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member will influence another member to take up mountain biking, if not the whole family. In the US, particularly in the state of Michigan, the majority of these mountain bikers live in a household of two to four people (Tiedeman, 2002). In the study, the sample showed a higher level of educational attainment, with 54.24% of the respondents having college or tertiary education, and 37.28% have secondary education (Table 4). Having formal education is a trait shared by a lot of

mountain bikers, especially tertiary or at least secondary level education (Cessford, 1995) (Tourism Tasmania, 2008) (Tourism British Columbia, 2009) (Tiedeman, 2002).

Table 4. Highest Educational Attainment of mountain bikers EDUCATIONAL ATTAINMENT Elementary High School College Post Graduate Total FREQUENCY 9 110 160 16 295 % 3.05 37.28 54.24 5.43 100.00

A high quality mountain bike is expensive, and a good sized income is necessary to progress in the activity. But nowadays, a mountain bike of good quality is more affordable to at least the professional working class and blue collar workers, hence the proliferation of riders in the sample earning in the Php. 100,000-200,000 range, which is 59.05% of the sample (Table 5).

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Figure 3. Frequency of single respondents and their age bracket together with their educational attainment. In Figure 3, most mountain bikers with single status are college graduates and belonging to the 21-30 year old age bracket (35). The same trend is shown in age brackets 31-40 (17), 41-50 (4), and 51-60 (3).

The Chi-square test (Table 5) showed that there is strong evidence to support a relationship between age, civil status, and educational attainment, as shown by the Pearson Chi-square values of 15.377 and 41.437 for single and married respondents respectively.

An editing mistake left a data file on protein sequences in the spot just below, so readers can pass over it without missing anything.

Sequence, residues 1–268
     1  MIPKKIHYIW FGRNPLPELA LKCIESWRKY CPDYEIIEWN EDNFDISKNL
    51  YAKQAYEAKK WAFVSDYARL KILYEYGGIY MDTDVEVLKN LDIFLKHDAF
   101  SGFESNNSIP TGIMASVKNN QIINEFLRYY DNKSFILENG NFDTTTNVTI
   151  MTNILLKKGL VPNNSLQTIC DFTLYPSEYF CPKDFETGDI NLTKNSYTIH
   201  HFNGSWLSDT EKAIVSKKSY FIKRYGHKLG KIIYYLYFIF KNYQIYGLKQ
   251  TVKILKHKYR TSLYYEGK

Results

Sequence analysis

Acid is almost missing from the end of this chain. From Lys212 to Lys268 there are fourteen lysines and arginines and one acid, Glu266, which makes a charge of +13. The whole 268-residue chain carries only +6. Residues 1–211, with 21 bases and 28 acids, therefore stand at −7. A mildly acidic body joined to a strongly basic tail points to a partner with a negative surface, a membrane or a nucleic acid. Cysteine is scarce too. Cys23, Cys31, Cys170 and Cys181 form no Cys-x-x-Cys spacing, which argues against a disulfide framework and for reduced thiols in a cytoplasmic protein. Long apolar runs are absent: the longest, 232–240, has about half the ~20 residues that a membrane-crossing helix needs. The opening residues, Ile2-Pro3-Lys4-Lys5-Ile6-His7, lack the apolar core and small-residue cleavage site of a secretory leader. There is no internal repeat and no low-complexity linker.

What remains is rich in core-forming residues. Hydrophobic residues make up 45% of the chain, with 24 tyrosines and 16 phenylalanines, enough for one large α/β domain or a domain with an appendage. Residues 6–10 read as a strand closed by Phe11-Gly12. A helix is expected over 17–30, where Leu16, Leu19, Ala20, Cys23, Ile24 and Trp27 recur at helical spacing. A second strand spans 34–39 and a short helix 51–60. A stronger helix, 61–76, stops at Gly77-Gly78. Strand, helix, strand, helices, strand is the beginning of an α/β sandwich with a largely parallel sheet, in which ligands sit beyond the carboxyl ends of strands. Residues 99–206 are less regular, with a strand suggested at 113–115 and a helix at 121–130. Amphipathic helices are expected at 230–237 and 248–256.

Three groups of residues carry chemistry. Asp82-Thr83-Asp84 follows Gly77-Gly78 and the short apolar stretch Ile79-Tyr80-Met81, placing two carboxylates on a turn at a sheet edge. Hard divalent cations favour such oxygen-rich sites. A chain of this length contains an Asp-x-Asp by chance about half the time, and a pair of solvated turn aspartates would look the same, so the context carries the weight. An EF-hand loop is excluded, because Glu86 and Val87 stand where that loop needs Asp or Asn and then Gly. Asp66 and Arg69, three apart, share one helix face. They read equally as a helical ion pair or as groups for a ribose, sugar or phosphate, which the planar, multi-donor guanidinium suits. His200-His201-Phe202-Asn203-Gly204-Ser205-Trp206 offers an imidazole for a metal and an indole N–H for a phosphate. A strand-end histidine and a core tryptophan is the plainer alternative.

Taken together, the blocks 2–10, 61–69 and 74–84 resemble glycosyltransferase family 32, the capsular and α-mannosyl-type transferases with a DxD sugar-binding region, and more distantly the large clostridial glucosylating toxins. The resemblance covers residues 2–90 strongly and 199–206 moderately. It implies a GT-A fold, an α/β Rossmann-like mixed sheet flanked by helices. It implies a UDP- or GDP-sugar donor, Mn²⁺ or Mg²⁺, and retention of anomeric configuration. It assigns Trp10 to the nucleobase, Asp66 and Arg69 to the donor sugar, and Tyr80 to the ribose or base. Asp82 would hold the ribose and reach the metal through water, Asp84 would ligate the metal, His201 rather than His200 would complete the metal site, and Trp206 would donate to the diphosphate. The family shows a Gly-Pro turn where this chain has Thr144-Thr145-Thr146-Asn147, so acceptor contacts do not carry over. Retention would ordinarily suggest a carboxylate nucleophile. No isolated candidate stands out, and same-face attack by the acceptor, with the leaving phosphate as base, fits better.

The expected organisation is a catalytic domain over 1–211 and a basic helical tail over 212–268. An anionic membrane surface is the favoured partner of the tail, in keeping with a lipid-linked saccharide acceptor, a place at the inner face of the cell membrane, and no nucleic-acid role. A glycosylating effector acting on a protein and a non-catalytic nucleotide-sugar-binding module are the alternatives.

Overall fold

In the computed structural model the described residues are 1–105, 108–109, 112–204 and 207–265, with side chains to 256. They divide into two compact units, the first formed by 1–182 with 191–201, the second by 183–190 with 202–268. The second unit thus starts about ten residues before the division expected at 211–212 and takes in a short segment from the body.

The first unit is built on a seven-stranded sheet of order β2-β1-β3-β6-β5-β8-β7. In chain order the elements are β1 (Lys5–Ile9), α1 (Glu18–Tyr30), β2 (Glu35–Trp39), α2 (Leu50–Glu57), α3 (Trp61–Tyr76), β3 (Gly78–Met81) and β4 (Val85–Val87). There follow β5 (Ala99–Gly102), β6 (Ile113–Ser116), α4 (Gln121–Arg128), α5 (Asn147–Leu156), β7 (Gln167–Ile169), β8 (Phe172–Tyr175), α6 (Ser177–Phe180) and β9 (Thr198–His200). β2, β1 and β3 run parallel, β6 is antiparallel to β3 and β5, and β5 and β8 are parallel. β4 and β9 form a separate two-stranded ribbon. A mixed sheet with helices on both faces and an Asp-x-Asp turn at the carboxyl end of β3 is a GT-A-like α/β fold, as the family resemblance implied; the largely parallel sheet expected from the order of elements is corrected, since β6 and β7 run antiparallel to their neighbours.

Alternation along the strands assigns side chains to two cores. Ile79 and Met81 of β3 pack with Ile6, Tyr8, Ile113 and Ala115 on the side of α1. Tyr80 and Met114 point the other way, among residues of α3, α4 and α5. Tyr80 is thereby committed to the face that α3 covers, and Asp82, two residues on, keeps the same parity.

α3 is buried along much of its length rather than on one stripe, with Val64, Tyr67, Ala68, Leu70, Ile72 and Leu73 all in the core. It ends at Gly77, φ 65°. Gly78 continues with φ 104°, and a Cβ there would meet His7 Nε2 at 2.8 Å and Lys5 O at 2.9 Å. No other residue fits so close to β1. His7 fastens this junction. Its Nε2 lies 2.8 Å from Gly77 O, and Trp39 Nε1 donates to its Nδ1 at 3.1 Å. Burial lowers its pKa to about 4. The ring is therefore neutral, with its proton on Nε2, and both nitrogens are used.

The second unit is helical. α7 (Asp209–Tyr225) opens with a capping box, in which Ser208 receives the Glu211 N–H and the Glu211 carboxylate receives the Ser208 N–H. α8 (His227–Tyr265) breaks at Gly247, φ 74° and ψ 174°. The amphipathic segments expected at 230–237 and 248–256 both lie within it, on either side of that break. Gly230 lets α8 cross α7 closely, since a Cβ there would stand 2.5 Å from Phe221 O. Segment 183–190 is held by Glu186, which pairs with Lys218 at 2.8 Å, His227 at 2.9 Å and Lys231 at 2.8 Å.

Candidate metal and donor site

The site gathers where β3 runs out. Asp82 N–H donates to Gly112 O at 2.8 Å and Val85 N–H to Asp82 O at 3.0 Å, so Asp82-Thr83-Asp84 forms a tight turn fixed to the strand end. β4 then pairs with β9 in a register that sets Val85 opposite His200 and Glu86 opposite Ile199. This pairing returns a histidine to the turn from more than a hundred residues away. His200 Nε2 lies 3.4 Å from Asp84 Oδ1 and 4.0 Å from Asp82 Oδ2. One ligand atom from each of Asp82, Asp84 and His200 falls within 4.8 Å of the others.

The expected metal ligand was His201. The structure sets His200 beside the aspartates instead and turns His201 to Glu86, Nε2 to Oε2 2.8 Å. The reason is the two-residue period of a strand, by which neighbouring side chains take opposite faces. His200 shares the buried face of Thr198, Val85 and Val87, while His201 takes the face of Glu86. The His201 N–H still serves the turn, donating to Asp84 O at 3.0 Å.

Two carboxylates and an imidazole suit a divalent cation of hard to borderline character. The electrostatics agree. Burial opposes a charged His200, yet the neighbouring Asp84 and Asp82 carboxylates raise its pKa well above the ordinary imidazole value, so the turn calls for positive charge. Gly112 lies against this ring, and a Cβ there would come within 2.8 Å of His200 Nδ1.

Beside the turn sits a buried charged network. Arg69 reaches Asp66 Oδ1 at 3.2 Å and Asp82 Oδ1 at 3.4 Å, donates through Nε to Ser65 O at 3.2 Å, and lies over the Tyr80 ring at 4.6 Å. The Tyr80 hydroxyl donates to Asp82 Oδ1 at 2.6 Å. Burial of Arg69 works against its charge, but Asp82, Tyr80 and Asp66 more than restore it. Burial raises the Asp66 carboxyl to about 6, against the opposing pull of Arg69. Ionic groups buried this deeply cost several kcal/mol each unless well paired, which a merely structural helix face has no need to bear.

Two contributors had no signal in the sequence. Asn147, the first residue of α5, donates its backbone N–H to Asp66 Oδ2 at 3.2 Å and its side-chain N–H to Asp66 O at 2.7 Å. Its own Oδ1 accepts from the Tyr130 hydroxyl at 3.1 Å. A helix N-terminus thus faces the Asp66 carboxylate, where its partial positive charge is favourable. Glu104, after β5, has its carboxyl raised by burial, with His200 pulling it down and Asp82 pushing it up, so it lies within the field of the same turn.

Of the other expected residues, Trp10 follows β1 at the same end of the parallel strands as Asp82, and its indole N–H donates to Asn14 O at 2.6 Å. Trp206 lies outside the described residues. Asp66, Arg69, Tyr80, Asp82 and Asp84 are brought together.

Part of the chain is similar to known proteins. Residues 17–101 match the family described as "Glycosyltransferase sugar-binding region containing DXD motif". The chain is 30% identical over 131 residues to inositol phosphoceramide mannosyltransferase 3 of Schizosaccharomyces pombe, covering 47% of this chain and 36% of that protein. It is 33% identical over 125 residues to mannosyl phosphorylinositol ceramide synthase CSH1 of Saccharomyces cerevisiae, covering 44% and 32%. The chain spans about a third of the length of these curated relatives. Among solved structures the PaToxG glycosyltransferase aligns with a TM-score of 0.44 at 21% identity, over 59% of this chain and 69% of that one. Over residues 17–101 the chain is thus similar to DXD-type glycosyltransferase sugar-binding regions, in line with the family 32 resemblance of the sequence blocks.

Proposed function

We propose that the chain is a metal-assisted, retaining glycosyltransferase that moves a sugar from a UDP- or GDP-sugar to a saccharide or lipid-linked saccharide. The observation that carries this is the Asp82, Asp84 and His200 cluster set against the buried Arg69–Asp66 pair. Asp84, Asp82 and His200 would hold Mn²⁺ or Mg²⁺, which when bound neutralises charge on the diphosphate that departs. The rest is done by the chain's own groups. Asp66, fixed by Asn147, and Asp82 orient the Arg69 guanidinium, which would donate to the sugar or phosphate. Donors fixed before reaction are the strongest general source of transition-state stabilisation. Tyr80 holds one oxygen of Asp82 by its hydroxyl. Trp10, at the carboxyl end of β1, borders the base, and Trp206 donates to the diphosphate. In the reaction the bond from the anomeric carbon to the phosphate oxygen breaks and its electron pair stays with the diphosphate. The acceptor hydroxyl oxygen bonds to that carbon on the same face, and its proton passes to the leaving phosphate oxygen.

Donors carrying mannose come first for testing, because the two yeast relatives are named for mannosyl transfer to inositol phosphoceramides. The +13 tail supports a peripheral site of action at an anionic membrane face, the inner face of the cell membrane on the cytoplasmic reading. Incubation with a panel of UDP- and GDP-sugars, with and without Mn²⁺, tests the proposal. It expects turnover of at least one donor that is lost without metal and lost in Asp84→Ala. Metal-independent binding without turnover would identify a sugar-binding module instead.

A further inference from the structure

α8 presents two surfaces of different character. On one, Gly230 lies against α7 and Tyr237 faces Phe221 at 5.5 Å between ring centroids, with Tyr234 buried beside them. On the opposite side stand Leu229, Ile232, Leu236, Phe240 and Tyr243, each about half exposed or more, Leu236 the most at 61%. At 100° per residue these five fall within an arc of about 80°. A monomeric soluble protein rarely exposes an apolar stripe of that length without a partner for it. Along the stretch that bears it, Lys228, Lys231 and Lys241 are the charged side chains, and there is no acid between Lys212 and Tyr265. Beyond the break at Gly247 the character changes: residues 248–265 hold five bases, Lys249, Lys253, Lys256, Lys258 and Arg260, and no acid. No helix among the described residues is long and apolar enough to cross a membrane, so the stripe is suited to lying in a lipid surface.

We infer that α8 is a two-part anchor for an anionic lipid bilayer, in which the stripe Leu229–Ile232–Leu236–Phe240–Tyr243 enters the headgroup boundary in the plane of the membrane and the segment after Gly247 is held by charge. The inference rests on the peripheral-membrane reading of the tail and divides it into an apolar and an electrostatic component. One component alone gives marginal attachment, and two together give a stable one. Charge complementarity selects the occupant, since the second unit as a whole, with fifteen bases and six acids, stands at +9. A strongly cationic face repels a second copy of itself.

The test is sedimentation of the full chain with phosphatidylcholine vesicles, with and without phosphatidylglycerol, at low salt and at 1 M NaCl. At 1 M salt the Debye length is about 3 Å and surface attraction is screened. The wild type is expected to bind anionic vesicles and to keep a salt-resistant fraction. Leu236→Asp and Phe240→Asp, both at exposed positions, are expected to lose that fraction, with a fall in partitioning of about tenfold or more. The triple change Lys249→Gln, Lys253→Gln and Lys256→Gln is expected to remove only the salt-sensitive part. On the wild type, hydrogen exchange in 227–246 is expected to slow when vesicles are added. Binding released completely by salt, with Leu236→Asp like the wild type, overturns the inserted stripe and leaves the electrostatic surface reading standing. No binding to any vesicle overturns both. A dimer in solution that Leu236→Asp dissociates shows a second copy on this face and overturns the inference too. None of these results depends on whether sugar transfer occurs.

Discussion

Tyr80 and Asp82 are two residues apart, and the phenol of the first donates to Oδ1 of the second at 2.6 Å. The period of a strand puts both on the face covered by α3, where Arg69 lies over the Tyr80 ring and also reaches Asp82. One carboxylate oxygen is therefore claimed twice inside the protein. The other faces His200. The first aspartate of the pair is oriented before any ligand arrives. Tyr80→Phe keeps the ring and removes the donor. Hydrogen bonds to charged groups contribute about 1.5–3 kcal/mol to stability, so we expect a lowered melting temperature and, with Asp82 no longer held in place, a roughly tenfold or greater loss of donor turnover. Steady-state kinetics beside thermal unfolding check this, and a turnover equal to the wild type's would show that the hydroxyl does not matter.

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Table 5. Chi-square test for civil status, age range, and educational attainment.
Chi-Square Tests Asymp. Sig. (2civil status Single Married Pearson Chi-Square Pearson Chi-Square Value 15.377 41.437
a b

df 12 18

sided) .221 .001

a. 14 cells (70.0%) have expected count less than 5. The minimum expected count is .04. b. 19 cells (67.9%) have expected count less than 5. The minimum expected count is .04.

In Figure 4, college graduates are still the most numerous among the married mountain bikers (105). Married mountain bikers with a college degree mostly belong to the 31-40 years old (42) and 41-50 year old (33) age bracket (Appendix Table VI).

in developed countries however, mountain bikers are characterized as high earners (Tourism Tasmania, 2008) (Tourism British Columbia, 2009) (Tiedeman, 2002) with a baseline of $60,000 and above. The Philippine baseline is much lower compared to these numbers.

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Figure 4. Frequency of married respondents and their age bracket together with their educational attainment.